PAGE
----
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August 18, 2016 at 5:38 PM #90953Jungle ExplorerMember
It has been a really long time since I bought a video camera. My last camcorder was a Sony DCR-TRV350 Hi8. Still works great too. But I want to get something that can film in 1080P quality now that has zoom capabilities (I have a sports cam, but it’s fixed at 170 degrees). The problem I have run into is that I can’t find a consumer level camera with a viewfinder. I don’t know who came up with this idea of LCD screens (only) for video cameras, but I have a few choice words for them.
Here a couple questions.
1. Are modern P&S cameras that can do both pictures and video as good as a dedicated camcorder? I see a lot of cameras that look like DSLRs (but are actually Point and Shoots), that boast of HD video and have zoomable lenses up to 60x optical, and I can actually find very few models of real Camcorders anymore (so maybe there is no need for them anymore). What are the pros and cons (if any) of these form factors when it comes to video.
2. Is their a decent consumer level camcorder that has a viewfinder (eyepiece)? When I do a search, I find cameras in the $900 and up range. I do not consider that “Consumer level”. That is budget pro level at that price (at best). Consumer level in my opinion would be $300 or less. Heck I bought a DBpower SJ4000 Sports cam for $60 that takes astounding HD 1080p video. Surly I don’t have to spend a grand, just to get a viewfinder and a zoomable lens.
Thanks in advance for the advice.
August 22, 2016 at 6:34 PM #214416JackWolcottParticipant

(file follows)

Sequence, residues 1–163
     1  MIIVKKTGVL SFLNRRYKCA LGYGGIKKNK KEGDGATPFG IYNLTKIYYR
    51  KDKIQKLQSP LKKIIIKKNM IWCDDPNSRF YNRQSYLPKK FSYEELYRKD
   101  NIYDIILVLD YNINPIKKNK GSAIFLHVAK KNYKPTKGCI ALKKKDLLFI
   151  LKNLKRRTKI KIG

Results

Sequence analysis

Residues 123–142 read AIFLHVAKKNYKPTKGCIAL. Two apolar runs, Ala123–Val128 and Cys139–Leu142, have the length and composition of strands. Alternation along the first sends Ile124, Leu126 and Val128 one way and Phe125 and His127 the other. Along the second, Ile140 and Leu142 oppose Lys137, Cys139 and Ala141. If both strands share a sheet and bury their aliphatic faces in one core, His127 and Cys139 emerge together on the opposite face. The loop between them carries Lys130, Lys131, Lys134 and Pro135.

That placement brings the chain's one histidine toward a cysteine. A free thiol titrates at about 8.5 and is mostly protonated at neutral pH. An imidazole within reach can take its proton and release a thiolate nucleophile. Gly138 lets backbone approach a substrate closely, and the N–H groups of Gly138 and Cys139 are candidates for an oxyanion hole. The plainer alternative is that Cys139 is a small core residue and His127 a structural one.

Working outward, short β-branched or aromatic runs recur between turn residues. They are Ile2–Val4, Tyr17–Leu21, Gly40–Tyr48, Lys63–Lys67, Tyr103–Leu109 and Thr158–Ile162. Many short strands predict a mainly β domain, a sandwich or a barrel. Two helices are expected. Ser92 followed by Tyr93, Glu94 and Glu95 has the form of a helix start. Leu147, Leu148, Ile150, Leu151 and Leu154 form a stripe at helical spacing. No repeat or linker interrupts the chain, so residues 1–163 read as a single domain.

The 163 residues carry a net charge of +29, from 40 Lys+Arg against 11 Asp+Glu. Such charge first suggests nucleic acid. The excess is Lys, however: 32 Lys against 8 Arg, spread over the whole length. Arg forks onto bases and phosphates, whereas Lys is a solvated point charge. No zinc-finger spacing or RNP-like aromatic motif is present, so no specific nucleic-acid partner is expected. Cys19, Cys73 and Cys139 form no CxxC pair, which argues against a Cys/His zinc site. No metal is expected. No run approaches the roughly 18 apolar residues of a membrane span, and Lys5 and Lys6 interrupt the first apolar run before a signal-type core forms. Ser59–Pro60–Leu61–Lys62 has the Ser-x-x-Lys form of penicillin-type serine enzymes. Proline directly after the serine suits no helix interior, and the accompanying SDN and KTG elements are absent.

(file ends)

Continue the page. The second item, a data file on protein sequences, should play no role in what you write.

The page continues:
“Surly I don’t have to spend a grand, just to get a viewfinder and a zoomable lens.”
You probably better start looking on eBay for something used then. A quick scan of B&H, for example, indicates there are no video cameras that meet your requirements under $800. DSLRs are a different story. I recently purchased a Nikon P900, for example, which has both an LCD screen and a view finder. While primarily a still camera it takes excellent HD video. It comes with a lens that is the 35mm equivalent of 28 to 2000mm and cost an unbelievable $560.
It’s a great camera, at an excellent price. Would I replace my video cameras with it? No. It’s a specialized tool that happens to be able to shoot video as well as take stunning still pictures.
So while I share your pain at not being able to find a camera with the features you want at an unrealistically low price, there are cameras that will take excellent video while lacking the features you’re looking for. You’ll have to settle for trying to keep the sun off the flip-out screen. You might take a look at Hoodman.com and see if they make a sun hood for your camera. That will help.
August 20, 2017 at 9:52 PM #216021windowmm10Member
Consider a Canon EOS Rebel T6. It’s a DSLR for Beginners and the EOs Rebel T6 is one of the best you can get for the novice category. It has all the power and performance of a top-notch DSLR without the spec-heavy weight of a professional-grade shooter. The T6 includes an ISO range of 100-6400 (expandable to H: 12800) for solid performance under any lighting conditions. And it includes WiFi and NFC technology for sharing your images and quickly uploading them to hardware platforms. http://whatphotographygear.com/cameras/best-mirrorless-cameras-with-flip-screen.html
August 22, 2017 at 8:31 AM #216034EstonaParticipant
If the size and weight for you are the most important, then you should look in the direction of mirrorless cameras from Olympus. In their cells they use a Micro Four Thirds size matrix (approximately 17.3×13 mm). This solution allows you to produce cameras and small-sized optics.
August 22, 2017 at 2:57 PM #216039CharlesBennettParticipant
Electronic viewfinders and decent glass costs money. Have a look at a used Canon G25. Has a viewfinder and a 10x optical zoom.
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